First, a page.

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To Sample or to Specialise? Sport Participation Patterns of Youth Team Sport Male Players

CIFI2D, Centre of Research, Education, Innovation and Intervention in Sport, Faculty of Sport, University of Porto, 4200-450 Porto, Portugal
Sport & Human Performance Research Group, Sheffield Hallam University, City Campus, Howard Street, Sheffield S1 1WB, UK
Author to whom correspondence should be addressed.
Children 2023, 10(4), 729;
Received: 19 February 2023 / Revised: 31 March 2023 / Accepted: 13 April 2023 / Published: 14 April 2023
(This article belongs to the Special Issue Sports Science in Children)


This study characterised the sport participation patterns of 546 male youth team sport players. A retrospective questionnaire was used to identify the sport starting age (general sports and main sport) and the quantity and type of sports undertaken during the early years of development. A mixed-ANOVA and Chi-square tests were implemented. All participants started involvement in sports at the same age (~5 years) and participated in the same number of sports during their early years (1 to 2 sports). However, football players started participating mainly in team games (football, futsal) and water polo players in CGS sports (swimming). Participants reported different ages for initial participation in: (i) main sport (football players started participating earlier, around 5–6 years), (ii) onset of specialisation (football players specialised earlier, around 7 or 8 years), (iii) types of sports engaged in (football players were involved in more team games and water polo in more CGS sports), and (iv) variations in weekly training hours (water polo reported more hours of training). This study provided empirical evidence for understanding the effects of different sporting pathways on long-term athlete development. Some key incongruities between contemporary knowledge and practice are acknowledged. Further investigations should be developed by examining the trajectories in different sports, countries, genders, and cultural contexts.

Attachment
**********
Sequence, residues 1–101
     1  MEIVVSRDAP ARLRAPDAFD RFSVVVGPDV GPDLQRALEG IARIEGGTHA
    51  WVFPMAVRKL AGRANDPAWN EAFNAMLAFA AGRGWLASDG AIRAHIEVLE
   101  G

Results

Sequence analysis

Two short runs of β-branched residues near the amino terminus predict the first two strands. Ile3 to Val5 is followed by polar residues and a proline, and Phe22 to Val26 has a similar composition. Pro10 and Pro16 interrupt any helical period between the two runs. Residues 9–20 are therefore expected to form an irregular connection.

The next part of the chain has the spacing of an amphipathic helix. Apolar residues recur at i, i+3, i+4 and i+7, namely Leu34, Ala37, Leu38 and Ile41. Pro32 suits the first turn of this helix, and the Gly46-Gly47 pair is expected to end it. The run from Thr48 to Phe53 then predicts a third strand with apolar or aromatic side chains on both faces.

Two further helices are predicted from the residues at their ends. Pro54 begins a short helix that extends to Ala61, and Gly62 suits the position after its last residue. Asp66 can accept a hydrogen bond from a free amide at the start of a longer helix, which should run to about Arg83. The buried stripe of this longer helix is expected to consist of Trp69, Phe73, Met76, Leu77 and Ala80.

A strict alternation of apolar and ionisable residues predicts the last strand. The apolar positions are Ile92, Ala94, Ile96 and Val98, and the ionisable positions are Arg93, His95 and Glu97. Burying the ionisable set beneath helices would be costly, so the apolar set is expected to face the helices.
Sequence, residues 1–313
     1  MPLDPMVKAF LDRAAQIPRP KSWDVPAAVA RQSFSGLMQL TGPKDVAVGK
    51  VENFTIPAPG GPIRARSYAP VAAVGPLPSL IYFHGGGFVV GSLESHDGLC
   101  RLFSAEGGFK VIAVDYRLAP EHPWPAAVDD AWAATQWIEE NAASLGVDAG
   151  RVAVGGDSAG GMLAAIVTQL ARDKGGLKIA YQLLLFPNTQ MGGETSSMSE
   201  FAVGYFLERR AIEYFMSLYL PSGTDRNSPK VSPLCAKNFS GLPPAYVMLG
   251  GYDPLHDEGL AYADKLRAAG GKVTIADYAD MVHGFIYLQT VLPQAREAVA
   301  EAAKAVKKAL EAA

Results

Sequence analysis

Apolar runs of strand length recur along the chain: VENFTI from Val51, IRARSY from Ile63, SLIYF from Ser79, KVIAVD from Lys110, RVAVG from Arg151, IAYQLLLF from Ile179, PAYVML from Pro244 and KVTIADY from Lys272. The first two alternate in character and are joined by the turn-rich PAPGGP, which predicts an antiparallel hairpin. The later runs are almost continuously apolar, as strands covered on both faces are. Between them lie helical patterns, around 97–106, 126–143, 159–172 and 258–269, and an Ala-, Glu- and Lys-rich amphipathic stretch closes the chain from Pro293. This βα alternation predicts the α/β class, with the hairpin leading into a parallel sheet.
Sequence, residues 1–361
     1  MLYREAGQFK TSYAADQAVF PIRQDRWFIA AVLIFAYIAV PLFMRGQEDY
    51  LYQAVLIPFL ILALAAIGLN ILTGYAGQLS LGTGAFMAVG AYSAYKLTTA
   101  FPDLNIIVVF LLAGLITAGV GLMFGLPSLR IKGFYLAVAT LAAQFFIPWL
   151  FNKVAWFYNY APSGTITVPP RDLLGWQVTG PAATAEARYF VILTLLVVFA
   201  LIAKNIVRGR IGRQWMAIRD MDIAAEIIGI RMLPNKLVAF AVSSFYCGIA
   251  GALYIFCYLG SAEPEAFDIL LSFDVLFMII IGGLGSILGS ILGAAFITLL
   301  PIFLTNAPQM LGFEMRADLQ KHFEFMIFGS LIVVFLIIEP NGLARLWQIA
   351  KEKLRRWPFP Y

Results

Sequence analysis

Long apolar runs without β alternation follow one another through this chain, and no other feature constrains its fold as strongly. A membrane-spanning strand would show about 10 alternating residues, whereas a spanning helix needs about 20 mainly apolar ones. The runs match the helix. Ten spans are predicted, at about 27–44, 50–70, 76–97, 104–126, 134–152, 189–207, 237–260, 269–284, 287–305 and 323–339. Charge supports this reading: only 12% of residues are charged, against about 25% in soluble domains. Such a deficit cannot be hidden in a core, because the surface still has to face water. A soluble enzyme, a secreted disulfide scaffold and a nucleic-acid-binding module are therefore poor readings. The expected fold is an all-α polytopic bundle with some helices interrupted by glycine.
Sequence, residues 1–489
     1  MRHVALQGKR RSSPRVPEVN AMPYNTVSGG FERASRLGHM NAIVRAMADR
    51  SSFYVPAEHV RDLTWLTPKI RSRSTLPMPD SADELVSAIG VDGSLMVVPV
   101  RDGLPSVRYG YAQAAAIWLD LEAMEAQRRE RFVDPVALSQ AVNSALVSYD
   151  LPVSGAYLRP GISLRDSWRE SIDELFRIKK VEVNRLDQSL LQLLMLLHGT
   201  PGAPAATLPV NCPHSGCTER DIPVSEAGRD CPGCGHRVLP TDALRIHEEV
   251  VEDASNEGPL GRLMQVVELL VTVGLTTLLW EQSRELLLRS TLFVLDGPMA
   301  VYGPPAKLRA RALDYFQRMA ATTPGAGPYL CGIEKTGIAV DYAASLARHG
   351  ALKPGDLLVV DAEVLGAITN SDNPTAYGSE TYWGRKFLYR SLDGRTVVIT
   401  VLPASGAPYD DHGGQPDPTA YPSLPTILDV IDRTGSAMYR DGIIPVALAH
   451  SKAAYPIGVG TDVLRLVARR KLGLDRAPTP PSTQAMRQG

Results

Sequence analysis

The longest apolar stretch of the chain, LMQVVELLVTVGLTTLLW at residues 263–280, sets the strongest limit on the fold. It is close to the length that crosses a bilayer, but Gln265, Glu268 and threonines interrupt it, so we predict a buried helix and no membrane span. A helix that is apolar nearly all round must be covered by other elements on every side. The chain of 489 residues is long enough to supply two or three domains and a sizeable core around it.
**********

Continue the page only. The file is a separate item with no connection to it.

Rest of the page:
1. Introduction

Early years of sport participation correspond to an important stage of long-term athlete development since they may define the trajectory of an athlete in sport, based on the quantity and type of practice undertaken [1]. Accordingly, two contrasting developmental pathways in sport have emerged in the literature and can be observed in practice: “early specialisation” and “early diversification” [2]. They differ in the exclusivity of focus in early, sport-specific practice (one sport vs. multiple sports), the quantity and quality of practice (proportion of structured/formal or unstructured/informal activities), and the level of engagement (usually expressed as number of hours of practice in a gross measure). Although they are often discussed within a dichotomic categorisation, they should be considered as two extremes of a possible continuum of other developmental pathways that are not yet known or (at least) defined in the literature.